On the Road Again

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We’ve had a string of exceptionally cold weather.

Instead of gloomy rain and tempteratures in the 8 to 10 degree range, we’ve had clear crisp days that are well below zero. (I think our lows have been almost -10!) Some people might not think this is so bad. By some people, I mean the majority of Candians, but this is freezing to us Islanders.

While my hair loves the drier conditions (unsightly frizz, be gone!), the rest of me’s not so sure. I have to plan to leave about ten minutes earlier every morning so I have time to scrape the ice off my car windows. And gloves??? Where the heck did all the winter accessories go?

Then there’s the jogging. In theory I’m still a lean, mean jogger who regularly hits the pavement so hard it’s screaming for mercy. In reality–not so much. I’ve forced myself to go for one short, loping-style jog per week just to keep my sorry self in some kind of shape to bounce back into activity after the spring thaw.

This week is was especially hard to motivate myself. As well as mittens, I had to find a scarf and a toque, an endeavour which took almost as long as the run itself! Then I had to convince myself that I could do this. I can jog in below zero temps. I really can. When we lived the Maritimes, I was a three times/week girl regardless of weather. I regularly ran on slick sidewalks packed with frozen snow in -20 or below. (What was I thinking???)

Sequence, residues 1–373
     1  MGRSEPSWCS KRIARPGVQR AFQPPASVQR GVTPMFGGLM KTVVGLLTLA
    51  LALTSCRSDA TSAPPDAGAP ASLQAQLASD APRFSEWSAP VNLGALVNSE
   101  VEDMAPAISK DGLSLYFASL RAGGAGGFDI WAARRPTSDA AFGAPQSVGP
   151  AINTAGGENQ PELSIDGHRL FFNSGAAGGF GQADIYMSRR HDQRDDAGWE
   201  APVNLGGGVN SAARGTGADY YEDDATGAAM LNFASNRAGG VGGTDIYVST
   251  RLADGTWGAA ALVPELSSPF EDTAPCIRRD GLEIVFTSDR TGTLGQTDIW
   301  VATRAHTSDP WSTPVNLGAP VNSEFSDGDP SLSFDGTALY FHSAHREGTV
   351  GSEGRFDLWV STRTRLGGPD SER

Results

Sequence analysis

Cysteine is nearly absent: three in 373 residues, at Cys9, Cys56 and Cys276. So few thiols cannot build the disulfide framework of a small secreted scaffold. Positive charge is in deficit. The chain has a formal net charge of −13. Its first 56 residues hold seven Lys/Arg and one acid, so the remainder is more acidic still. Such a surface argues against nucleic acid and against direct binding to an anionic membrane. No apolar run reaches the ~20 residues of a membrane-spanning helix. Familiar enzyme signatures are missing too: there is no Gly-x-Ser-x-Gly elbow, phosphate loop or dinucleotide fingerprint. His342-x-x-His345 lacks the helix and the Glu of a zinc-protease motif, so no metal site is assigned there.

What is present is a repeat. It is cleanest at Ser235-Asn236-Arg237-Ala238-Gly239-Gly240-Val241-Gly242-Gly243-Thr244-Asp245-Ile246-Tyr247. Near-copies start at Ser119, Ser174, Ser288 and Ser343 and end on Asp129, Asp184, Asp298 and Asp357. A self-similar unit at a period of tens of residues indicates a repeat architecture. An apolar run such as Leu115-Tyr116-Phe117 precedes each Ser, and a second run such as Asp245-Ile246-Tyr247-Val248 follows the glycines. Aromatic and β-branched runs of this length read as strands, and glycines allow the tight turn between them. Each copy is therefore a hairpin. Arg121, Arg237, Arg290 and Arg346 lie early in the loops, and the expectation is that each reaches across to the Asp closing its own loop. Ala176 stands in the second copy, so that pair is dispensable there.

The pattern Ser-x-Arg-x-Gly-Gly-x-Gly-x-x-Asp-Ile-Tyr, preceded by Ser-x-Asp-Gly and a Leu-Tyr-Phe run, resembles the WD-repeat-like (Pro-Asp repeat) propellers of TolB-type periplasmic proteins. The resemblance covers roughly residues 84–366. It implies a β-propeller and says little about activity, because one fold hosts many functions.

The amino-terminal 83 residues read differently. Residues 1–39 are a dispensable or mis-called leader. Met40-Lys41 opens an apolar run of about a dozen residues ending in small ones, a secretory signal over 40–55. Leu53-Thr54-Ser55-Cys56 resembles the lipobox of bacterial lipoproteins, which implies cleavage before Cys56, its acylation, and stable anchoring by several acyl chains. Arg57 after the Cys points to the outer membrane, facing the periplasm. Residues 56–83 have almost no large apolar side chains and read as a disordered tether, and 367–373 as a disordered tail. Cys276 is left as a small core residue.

As no one likes to admit they’ve become softer and wimpier with age, remembering my past exploits was just the ticket to get me out and moving.

I may not have experienced a runner’s high, but I didn’t suffer from my usual plodder’s misery, either, which is worth celebrating.

Ugh–28 Minutes To Go!

006I started running again a couple of months ago.

Actually, as my sailor clarified when he heard me bragging about it, I’m more of a jogger than a runner. Runners are faster and more athletic than me. Since we’re being honest here, I’ll fess up. I’m really a plodder, not a jogger and certainly not a runner.

I resemble a pale hairless Clydesdale as I plod through the neighbourhood three times a week, sweating like a pig and huffing like an angry bull. I become a mobile petting zoo when I hit the pavement.

I don’t go for speed or distance. My goal is to jog, er, plod for forty minutes straight. This is quite an accomplishment for the clumsy girl who was never chosen for teams in junior high PE and whose brief stint on a university residence soccer team ended abruptly when she scored a goal on her own side early in the first game. (Yes, stereotypical humiliations like that really happen.)

To say I enjoy it would be a blatant lie. I’ve never experienced that runner’s high I’ve heard about. Perhaps because I’m a plodder and I don’t think there’s a plodder’s high.

I make a point of not checking my time until I’m well into my jog, hopefully at least half way through. It’s a mental boost for me to find out I’m on the final stretch.

This morning was hot and sticky. I was tired and stiff. Certain I’d been out for at least twenty minutes, possibly twenty-three or -four, I glanced at my watch.

Ugh–28 minutes to go! I’d only been plodding for twelve minutes, yet I was spent.

Not surprisingly, this knowledge didn’t increase my energy or promote a burst of vigour. It dragged me down because I knew the end was nowhere near.

So why do I torture myself by relentlessly counting the months until my sailor comes home?

We’re barely one month into a nine month deployment. I know that. I’m aware we’re nowhere near the end and it’s going to get worse before it gets better. I recognize that he’ll miss birthdays, holidays and family events.

Yet I wistfully flip through the pages of the calendar, counting the months as if time will have magically passed since my last countdown.

I need to jog more and mope less.